Sanders Will Hit the Road for Hearings and New Book Promotion
Senator Bernie Sanders now chairs the Senate Health, Education, Labor and Pensions Committee, a powerful legislative position and even more consequential political bully pulpit, which could be the last hurrah for the outspoken Vermont independent.
At 81 and facing re-election in 2024, Sanders has the ideal role to showcase his progressive views and call on the carpet some of the billionaires he has blasted in the past, including Stephane Bancel of Moderna, Jeff Bezos of Amazon and Howard Schultz of Starbucks.
Sanders believes Moderna cashed in on federal funding for its coronavirus vaccines and views Bezos as a union buster and Schultz as anti-labor. He referred to NASA as an “ATM machine” for Bezos and Elon Musk and supports, along with Senator Elizabeth Warren, a wealth tax.
In 2020, Sanders proposed a one-time 60 percent tax on billionaires to pay for healthcare during the pandemic. He teased the media by projecting the tax on Bezos, Bill Gates, Warren Buffett, Mark Zuckerberg and Oracle founder Larry Eillison would net $87.1 billion. “The legislation I am introducing today,” he said, “will tax the obscene wealth gains billionaires have made during this extraordinary crisis to guarantee healthcare as a right to all for an entire year.”
On cue, Sanders introduced the Social Security Expansion Act that would improve the Special Minimum Benefit, restore student benefits up to age 22 for children of disabled or deceased workers, strengthen benefits for senior citizens and people with disabilities, increase cost-of-living-adjustments (COLAs) and expand program benefits across-the-board. The benefits would be paid for by removing the income limit on paying Social Security taxes.
One of the lead cosponsors is Oregon Democratic Congresswoman Val Hoyle who said, “With the rising cost of living, it’s time to modernize and expand the program. I’m proud to co-lead the Social Security Expansion Act, my first bill in Congress.” Oregon Senator Jeff Merkley also is a cosponsor.
Sanders Delays Announcing Next Political Move
The two-time presidential contender hasn’t revealed his intentions next year, in part because President Biden hasn’t made it official he is seeking re-election. Sanders has confirmed he wouldn’t challenge Biden.
His new committee chairmanship will give Sanders ample running room to chase some of his signature issues, at least in hearings. With the House under Republican control, Sanders admits the chance to move progressive legislation is slim.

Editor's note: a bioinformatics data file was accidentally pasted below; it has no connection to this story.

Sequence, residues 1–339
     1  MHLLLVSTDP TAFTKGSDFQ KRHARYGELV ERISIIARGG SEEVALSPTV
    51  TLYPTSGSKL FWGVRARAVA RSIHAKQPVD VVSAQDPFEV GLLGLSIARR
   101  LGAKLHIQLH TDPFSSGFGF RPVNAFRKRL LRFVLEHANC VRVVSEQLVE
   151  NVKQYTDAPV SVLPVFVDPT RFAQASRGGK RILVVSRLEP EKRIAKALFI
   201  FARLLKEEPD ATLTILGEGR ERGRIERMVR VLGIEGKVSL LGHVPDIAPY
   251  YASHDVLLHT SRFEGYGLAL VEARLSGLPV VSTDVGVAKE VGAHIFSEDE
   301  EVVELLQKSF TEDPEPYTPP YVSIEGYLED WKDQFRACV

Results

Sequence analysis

That may explain his recent move to cosponsor, along with Indiana GOP Senator Mike Braun, a measure calling on rail companies to grant workers seven days of paid leave, despite the failure last year of the Senate to approve the benefit as part of the rail strike settlement. Braun is on the committee Sanders chairs. Louisiana Senator Bill Cassidy, who voted to convict President Trump in his second impeachment trial, is the ranking Republican.
Sanders wants his committee to hit the road to “listen to ordinary Americans” about the price of prescription drugs, families struggling to pay for child care and suffocating college student debt and potentially forge the basis for bipartisan legislation.
Sanders Joins the Ranks of Millionaires
Along the way, Sanders joined the ranks of millionaires from a combination of real estate, investments, government pensions and earnings from three books, including his Our Revolution: A Future to Believe In published in 2016. “I wrote a best-selling book.,” Sanders told the media. “If you write a best-selling book, you can be a millionaire, too.”
Sanders’ latest book, It’s OK to Be Angry About Capitalism, will be published this month. His publisher calls it a “scorching denunciation of a system that is manifestly failing the vast majority of people along with the planet itself”. The venerable senator is expected to devote time on the road, perhaps in between congressional hearings, to promote his new book.
Sanders entered Congress in 1991 and moved to the Senate in 2007. He mounted unsuccessful presidential bids in 2016 and 2020. He is the longest serving independent in congressional history. He previously chaired the Senate Veterans and Budget committees. Sander co-founded the Progressive Caucus. Before taking his congressional seat, Sanders served four terms as mayor of Burlington, Vermont, his adopted home after growing up in Brooklyn, New York. He won his first election by 10 votes.
Sanders credits his time in Chicago, where he finished his college education, for creating his “intellectual ferment”. He joined the Young People’s Socialist League and was active in the civil rights movement by opposing segregated housing at the University of Chicago and segregation in Chicago public schools. Later Sanders became involved in the anti-Vietnam war movement.